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Disability Lawyer > Blog > Social Security Disability > Can I Have A Savings Account If I Am Receiving SSD Benefits?

Can I Have A Savings Account If I Am Receiving SSD Benefits?

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If you are in the process of applying for Social Security Disability benefits (SSD benefits), or if you are currently receiving SSD payments, you may know that receiving money through earned income can complicate your eligibility for benefits and can, in many cases, disqualify you from receiving SSD benefits altogether. Yet it is possible to earn a limited income while you are receiving benefits. Whether you are working a limited number of hours while receiving benefits through the Social Security Disability Insurance program or you have recently received a gift or an inheritance, you might be wondering: can I open a savings account and begin saving money even if I am receiving disability benefits?

In short, the answer is yes. Our national disability benefits lawyers want to provide you with more information about the ability to earn and to receive money while you are on disability, and to say more about the ability to create a tax-free savings account through the ABLE Act.

You Can Save the Money You Receive through an Inheritance or a Gift Without Impacting Your SSD Benefit Payments 

First, it is important to be clear about the source of money and how it may or may not affect your SSD benefits. If you want to open a savings account to house money that you received through an inheritance, or from interest on investments or assets, you do not need to report that money to the Social Security Administration (SSA) in order to get permission to have that income while still receiving Social Security Disability benefits. As such, you can open a savings account, and you can deposit any inherited money, as well as any interest you earned on investments or money you earned from selling assets, into that account.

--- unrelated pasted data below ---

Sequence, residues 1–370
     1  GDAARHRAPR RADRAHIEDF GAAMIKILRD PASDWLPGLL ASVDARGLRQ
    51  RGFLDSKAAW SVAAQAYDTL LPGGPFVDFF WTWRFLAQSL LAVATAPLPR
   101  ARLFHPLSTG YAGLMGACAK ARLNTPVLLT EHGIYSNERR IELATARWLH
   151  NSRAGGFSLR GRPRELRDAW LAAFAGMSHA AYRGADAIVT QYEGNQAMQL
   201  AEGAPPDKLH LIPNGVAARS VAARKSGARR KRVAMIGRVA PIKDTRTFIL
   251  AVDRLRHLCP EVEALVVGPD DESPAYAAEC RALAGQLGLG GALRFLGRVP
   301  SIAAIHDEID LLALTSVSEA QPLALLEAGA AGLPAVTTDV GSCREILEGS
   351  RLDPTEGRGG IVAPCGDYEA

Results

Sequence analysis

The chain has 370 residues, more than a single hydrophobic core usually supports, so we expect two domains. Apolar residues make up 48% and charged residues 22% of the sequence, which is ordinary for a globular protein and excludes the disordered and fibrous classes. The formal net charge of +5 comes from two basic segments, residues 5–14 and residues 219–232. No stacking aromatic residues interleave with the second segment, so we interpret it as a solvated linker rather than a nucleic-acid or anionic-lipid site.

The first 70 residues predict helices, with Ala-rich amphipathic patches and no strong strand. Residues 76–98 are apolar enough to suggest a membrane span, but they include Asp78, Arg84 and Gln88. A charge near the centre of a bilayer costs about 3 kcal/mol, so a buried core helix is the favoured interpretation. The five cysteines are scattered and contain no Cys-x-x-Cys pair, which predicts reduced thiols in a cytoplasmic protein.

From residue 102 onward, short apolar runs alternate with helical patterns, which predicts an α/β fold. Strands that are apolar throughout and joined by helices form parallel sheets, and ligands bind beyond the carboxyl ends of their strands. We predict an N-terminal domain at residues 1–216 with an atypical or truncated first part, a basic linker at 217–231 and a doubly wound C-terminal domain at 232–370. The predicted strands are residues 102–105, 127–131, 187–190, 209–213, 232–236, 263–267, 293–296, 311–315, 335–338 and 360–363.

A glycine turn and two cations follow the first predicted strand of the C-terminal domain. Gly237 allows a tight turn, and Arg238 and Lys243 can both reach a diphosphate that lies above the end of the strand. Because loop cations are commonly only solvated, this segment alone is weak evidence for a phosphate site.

You can also share a saving’s account with your spouse, and your spouse’s earned income will not prevent you from continuing to receive SSD benefits. In addition, while you will need to report earnings to the SSA in order to earn a limited amount of income and to continue receiving SSD benefits, you can generally earn up to $1,260 per month as a disabled, nonblind person. Yet to be clear, if you are earning income from work, you do need to report it to the SSA.

Opening a Tax-Free Savings Account as a Disabled Person Receiving SSD Benefits 

If you have questions about opening a savings account while you are receiving SSD benefits, you might also be wondering about whether there are specific savings options for disabled persons. Here is where the “Stephen Beck, Jr. Achieving a Better Life Experience” (ABLE) Act may be beneficial for you. The ABLE Act was signed into law in December 2014, and it allows eligible people who currently have disabilities to open both tax-free savings and investment accounts even while they are receiving benefits.

One of the great benefits of the ABLE Act is that it allows disabled people, especially as they are reaching older age, to save money while remaining eligible for programs that they might need, such as Medicaid. To be clear, even though you might not have been approaching eligibility for Medicaid or any income-based benefit while you were working given your salary, many older adults, even those who were firmly middle-class earners prior to retirement, rely on Medicaid in older adulthood. You can maintain the money in an ABLE account while still being eligible for those income-based benefits, and you can use the money in an ABLE account to pay for qualified disability expenses.

Contact Our National Disability Benefits Lawyers 

If you have questions about earning income and receive SSD benefits, one of our Social Security disability attorneys is here to help. Contact the Law Offices of Stephen Barszcz for more information.

Resource:

ablenrc.org/what-is-able/history-of-the-able-act/

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